VTS Office Demand Index (VODI)
|February 2020 VODI (pre-pandemic)||94||103||55||95||128||86||56||110|
|March 2020 VODI||57||55||30||62||81||39||28||82|
|March 2021 VODI (current)||86||50||53||95||102||107||94||114|
|Year-to-Year VODI Change||29||-5||23||33||21||68||66||32|
|Year-over-Year VODI change (%)||50.9%||-9.1%||76.7%||53.2%||25.9%||174.4%||235.7%||39%|
|Month-to-Month VODI Change||19||9||15||14||16||25||27||28|
|Month-over-Month VODI Change (%)||28.4%||22%||39.5%||17.3%||18.6%||30.5%||40.3%||32.6%|
|Quarter-to-Quarter VODI Change||53||14||38||33||67||84||69||74|
|Quarter-over-Quarter VODI Change (%)||160.6%||38.9%||253.3%||53.2%||191.4%||365.2%||276%||185%|
|Recent Historical Average (Jan. 1, 2018-Dec. 31, 2019)||102||99||73||98||117||90||103||120|
|March 2021 Percent From Recent Historical Average||-15.3%||-49.3%||-27.4%||-2.8%||-12.7%||18.5%||-8.8%||-4.8%|
In New York City prior to the pandemic, demand for office space was exceedingly high at 128 index points. After a significant crash of 121 index points (down 95 percent) from March to May 2020, demand has rebounded. In March 2021, New York City had a VODI of 102, 13 percent below New York City’s average VODI in 2018-2019. While incremental monthly growth has slowed some as the market rebounds, time will tell if pent-up demand and bargain hunter employers will eventually push demand above elevated pre-pandemic levels.
In Washington, D.C., demand for office space generally follows a seasonal pattern with the exception of years that have a change in administration. As expected, demand for office space in Washington, D.C. surged in March making it four consecutive months of demand outperforming seasonal norms. Demand for office space in Washington, D.C. now exceeds pre-pandemic levels.
While Boston and Chicago have consistently lagged all other major markets in their march to recovery and have similar low levels of demand (50 and 53, respectively), the two markets recently diverged with Chicago seeing greater near-term growth. In March, demand for office space in Chicago was up 253 percent in the first quarter compared to growth of just 39 percent for Boston.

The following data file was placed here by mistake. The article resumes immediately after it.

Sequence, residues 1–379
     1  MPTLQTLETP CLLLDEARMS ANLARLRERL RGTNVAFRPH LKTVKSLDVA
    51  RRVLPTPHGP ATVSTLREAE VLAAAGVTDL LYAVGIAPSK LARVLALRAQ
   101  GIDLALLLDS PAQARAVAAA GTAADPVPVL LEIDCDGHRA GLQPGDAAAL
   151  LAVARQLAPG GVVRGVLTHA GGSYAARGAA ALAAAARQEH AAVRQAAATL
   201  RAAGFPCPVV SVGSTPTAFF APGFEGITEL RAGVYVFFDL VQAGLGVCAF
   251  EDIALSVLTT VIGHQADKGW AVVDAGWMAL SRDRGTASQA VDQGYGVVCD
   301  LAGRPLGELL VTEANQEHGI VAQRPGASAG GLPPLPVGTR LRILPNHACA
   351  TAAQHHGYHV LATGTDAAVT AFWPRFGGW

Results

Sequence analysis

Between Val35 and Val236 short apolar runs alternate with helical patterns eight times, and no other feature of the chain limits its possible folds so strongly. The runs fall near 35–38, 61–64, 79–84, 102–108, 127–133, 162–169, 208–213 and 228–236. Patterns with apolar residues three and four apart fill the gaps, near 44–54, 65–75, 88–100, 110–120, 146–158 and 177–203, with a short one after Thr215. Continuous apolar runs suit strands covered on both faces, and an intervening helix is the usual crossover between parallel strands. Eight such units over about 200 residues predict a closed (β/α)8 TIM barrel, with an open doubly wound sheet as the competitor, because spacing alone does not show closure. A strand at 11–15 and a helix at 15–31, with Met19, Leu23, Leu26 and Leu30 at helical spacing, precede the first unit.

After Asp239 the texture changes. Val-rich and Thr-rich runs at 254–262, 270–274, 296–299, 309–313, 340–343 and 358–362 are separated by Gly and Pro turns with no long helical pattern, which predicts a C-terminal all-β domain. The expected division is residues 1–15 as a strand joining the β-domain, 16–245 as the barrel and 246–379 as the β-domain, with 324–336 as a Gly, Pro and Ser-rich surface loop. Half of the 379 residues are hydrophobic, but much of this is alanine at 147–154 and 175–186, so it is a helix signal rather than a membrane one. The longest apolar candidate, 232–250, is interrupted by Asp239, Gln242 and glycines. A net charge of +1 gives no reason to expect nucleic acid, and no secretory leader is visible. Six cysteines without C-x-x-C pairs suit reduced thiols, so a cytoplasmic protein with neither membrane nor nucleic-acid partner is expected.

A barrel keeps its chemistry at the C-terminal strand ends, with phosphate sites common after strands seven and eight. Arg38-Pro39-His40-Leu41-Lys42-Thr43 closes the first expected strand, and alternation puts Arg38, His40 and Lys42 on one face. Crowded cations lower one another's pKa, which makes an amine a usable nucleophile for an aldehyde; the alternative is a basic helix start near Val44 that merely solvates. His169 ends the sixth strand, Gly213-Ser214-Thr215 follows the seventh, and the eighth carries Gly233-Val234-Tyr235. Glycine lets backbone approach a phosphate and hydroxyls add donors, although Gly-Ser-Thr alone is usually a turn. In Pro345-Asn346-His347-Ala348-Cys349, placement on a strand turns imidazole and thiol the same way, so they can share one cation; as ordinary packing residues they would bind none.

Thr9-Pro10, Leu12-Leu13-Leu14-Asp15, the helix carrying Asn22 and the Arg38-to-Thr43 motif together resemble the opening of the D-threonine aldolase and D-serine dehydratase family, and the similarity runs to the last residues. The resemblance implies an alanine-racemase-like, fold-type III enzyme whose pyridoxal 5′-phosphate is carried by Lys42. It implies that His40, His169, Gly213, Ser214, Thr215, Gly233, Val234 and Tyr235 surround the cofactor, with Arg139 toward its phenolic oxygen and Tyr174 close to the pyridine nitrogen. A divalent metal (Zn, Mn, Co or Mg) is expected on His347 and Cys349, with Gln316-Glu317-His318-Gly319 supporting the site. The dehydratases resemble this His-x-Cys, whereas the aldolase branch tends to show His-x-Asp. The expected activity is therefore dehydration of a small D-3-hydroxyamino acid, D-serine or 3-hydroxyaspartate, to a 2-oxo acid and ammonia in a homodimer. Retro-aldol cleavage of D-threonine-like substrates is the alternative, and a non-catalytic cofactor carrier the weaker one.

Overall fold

New York City Tenants Still Seek the Highest Quality Buildings
While the number of tenant tours in class-A or trophy building spaces in New York City declined in March for the first time since December, interest in premium spaces is still high. Seventy-two percent of all tenant tours in NYC are for premium spaces, still up from roughly two-thirds pre-pandemic.
VTS is commercial real estate’s leading leasing, marketing and asset management platform where the industry comes to make deals happen and real-time data comes to life. The VTS Platform captures the largest first-party data source in the industry, which delivers real-time insights that fuel faster, more informed decision making and connections throughout the deal and asset lifecycle. VTS Data, the industry’s only forward-looking market dataset, and VTS Market and Marketplace, the industry’s first integrated online marketing solution, give landlords, brokers, and tenants unparalleled visibility into real-time market information and the direct connectivity to execute deals with greater speed and intelligence at every point in the planning, marketing, leasing, and asset management cycle.
More than 60% of Class A office space in the US and 12B square feet of office, retail, and industrial real estate globally is managed on the VTS platform. VTS’ user base includes over 45,000 CRE professionals including respected industry leaders like Blackstone, Brookfield Properties, LaSalle Investment Management, Hines, Boston Properties, Oxford Properties, JLL, and CBRE. To learn more about VTS, and to see our open roles, visit www.vts.com.